After a Friday of torrential rain and too much vodka, I for one was hoping that The Leys School's pitch would be too soggy for cricket today. Alas the wicket had dried overnight and so we ten convened under grey skies -- our awesome-sounding new Australian recruit called off at the last minute with bronchitis or pnumonia or something like that. Not that we were alone in being under-strength -- Comberton were missing several of their front-line bowlers, although they did at least have a full team.
Having been put into bat we began with the rather unusual opening combination of Alex Cook and Arnie Garside. The former was under captain's instructions to ``bat through the innings'' (which would probably explain the 16 dot balls he blocked out before deciding to score a run), although the latter seemed to be under starter's orders, setting off for a doomed run in the third over. With a somewhat reduced batting line-up I can't have been the only one thinking we could have a disaster on our hands.
What we got instead was an excellent partnership, John Gull (45 off 50 balls, with 8 fours) joining Alex to take the score onto 67 without further loss. Aside from being effective, John's innings was also plenty entertaining, his many aerial strokes being either just out of the fielders' reach or dropped in increasingly comical circumstances. The highlight was when one catch was held long enough for John to exclaim ``shit'' and head off in the direction of the pavilion before the fielder managed a last-second fumble a la Herschelle Gibbs. In that case Steve Waugh told Gibbs that ``you've just dropped the World Cup, mate''; hopefully John had the presence of mind to inform the fielder that he'd ``just dropped the Cambridgeshire Cricket Association Junior 2 South A trophy'' or something along those lines.
At any rate, John was eventually (and, indeed, inevitably) caught, after which Comberton took the upper hand, restricting us to less than 3 an over during the middle part of the innings. When Andy Owen joined Alex (now on 31 off 65 balls) in the 24th over the score was just 94/4 and we were a long way from setting a decent target. Andy, determined not to be out-done, decided to bat even more conservatively than Alex, racing to 1 off 20 balls and then 11 off 40 balls. For a while it seemed he was trying to emulate the Australians and bat out a draw, until something clicked and he moved up not just a gear, but all the way from neutral to fifth, going on a slogging frenzy that lasted until the end of the innings. He managed to hit 41 runs off his last 21 balls and 26 off his last 11, finshing up with 52* (off 61 balls with 4 fours and 2 sixes). Alex had also accelerated, albeit to a lesser degree, remaining undefeated (as instructed) on 63* (off 104 balls with 7 fours). Their unbroken partnership of 92 was one of the best we've had this season, and the final 7 over burst which yielded 66 of those runs saw us to the surprisingly respectable total of 186/4.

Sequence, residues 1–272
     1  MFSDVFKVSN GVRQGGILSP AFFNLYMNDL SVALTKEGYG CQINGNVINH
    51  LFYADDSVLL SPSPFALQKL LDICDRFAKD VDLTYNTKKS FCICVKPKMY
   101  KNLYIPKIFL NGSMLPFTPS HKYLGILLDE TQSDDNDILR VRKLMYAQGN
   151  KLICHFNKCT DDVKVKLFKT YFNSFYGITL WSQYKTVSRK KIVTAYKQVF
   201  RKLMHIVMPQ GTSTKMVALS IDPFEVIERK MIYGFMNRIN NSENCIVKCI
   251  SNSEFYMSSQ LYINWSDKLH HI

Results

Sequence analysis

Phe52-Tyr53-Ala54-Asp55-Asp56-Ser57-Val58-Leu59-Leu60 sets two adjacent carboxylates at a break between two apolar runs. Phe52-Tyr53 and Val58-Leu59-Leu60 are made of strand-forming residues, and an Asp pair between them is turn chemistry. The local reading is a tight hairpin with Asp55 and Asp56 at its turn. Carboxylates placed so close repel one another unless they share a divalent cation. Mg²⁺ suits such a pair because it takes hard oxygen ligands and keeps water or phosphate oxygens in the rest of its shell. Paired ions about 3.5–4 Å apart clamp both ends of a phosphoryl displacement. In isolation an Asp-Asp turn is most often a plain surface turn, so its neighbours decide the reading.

Even though we were justifiably proud of our batting efforts, we knew that the Comberton top order would easily pass that mark if allowed to bat through 40 overs, so an upset Romsey victory was only going to be possible if we could take a few early wickets. As it turned out even taking a few late wickets would have been an improvement on what actually happened: we spent some 30 overs fetching the ball from across the boundary and clapping the few ``almost maidens''. It wasn't that we bowled that badly, or that we dropped easy catches; rather, the two Comberton openers just batted very well. One of them, ``Samways'' (according to the somewhat illegible scorebook), played the Alex role, eschewing any risks to end up with 65* (off 93 balls with 7 fours). That, of course, leaves plenty of runs unaccounted for, and his partner, ``Haktwright'' (again as indicated in curious heiroglyphs in the scorebook), had a field day, finishing up on 109* (off 90 balls with 13 fours and 5 towering sixes, a total of 82 runs in boundaries). At one stage he was 32 off 46 balls, at which point he seemed to decide it would be more fun to start smashing sixes, and he scored 77 runs off his last 44 balls. Even more impressively there wasn't a slog to be seen -- it was all proper cricket strokes, right the to the boundary that ended the match.